It is applied endoscopically with the help of fine optical instruments and does not require incision. It is reached by entering the urine through the canal. The stone is broken into pieces by sending LASER energy through these tools.
If the stone constitute edema in the ureter and an additional session is required, a catheter (double j stent) is placed to the ureter (one end in the bladder and the other end in the kidney) for ensuring urinary drainage of the canal. It is usually and easily removed after a few days or weeks.
It is a very advantageous and frequently used surgical method due to its high stone-free rate in a single session, low complication (side effects) rate and being comfortable enough for the patient to return to normal life within 1-2 days.
With the help of flexible optical instruments, the stone is visualized by entering the urinary canal again and advancing to the bladder, ureter and kidneys, respectively. In this endoscopic surgery, which does not require incision, after the stone is found, the stone is divided into pieces that cannot be seen with the LASER energy.
Sometimes, operations may be required in a repeated session due to the size, localization of the stone and stenosis in the urinary canal.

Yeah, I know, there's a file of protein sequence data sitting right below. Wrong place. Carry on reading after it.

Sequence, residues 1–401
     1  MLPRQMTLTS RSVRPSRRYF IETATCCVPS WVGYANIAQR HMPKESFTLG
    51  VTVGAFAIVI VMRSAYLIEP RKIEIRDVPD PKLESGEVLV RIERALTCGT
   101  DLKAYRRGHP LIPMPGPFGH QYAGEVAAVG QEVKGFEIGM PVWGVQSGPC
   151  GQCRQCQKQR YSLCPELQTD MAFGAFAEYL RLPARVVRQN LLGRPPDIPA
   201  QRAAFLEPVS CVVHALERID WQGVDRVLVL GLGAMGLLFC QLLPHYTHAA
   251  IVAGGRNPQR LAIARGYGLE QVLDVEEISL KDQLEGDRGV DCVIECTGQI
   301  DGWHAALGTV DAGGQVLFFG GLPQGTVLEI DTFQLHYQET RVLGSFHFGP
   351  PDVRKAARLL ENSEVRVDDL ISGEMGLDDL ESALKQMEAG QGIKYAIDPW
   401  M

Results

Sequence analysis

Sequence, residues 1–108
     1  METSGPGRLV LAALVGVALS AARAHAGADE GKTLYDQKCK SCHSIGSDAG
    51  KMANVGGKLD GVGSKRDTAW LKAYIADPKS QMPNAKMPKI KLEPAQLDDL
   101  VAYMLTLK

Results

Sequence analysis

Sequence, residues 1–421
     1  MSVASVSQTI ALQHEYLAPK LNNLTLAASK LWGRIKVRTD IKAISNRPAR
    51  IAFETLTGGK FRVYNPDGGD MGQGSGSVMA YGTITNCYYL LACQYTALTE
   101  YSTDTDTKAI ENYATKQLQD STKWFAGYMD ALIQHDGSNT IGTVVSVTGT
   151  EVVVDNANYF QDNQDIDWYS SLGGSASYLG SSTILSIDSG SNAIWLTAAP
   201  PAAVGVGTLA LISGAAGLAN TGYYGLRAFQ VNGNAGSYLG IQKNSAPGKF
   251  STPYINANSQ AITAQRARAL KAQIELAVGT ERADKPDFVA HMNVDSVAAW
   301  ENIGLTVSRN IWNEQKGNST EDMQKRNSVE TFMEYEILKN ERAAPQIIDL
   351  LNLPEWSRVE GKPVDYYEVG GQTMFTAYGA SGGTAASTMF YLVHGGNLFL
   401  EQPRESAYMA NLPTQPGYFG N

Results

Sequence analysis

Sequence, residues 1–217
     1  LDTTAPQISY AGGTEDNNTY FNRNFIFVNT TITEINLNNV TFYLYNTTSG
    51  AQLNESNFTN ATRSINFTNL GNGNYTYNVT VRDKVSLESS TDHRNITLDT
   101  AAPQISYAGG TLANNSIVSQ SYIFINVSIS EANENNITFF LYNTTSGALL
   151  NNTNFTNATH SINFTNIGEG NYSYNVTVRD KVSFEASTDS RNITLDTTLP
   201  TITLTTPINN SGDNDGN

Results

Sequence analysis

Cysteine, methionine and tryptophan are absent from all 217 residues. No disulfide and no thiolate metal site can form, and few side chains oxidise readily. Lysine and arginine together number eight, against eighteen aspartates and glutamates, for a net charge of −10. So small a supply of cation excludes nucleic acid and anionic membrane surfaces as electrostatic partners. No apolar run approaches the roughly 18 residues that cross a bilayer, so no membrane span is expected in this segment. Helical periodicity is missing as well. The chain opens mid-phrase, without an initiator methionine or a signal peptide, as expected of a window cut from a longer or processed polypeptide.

Again, as in the ureteroscopy method applied to ureteral stones, a catheter (double j stent) with one end in the bladder and the other end in the kidney is placed in the ureter and removed after a few days or weeks in order to provide urinary drainage depending on the remaining stone volume and edema in the urinary system after the operation.
This method is generally preferred for small and modarate size kidney stones (<2-3 cm) and stones located in the upper part of the ureter.
Being able to be discharged even on the same day, returning to business life quickly (2-3 days),low complication rate, high stone-free rate make this surgery advantageous compared to other alternative kidney stone surgeries (percutaneous nephrolithotomy, open surgery).
Percutaneous nephrolithotomy (PNL) is a surgical method performed by making a hole of approximately 1-2 cm from the flank region of the patient and is widely used in the treatment of kidney stones larger than 2-3 cm.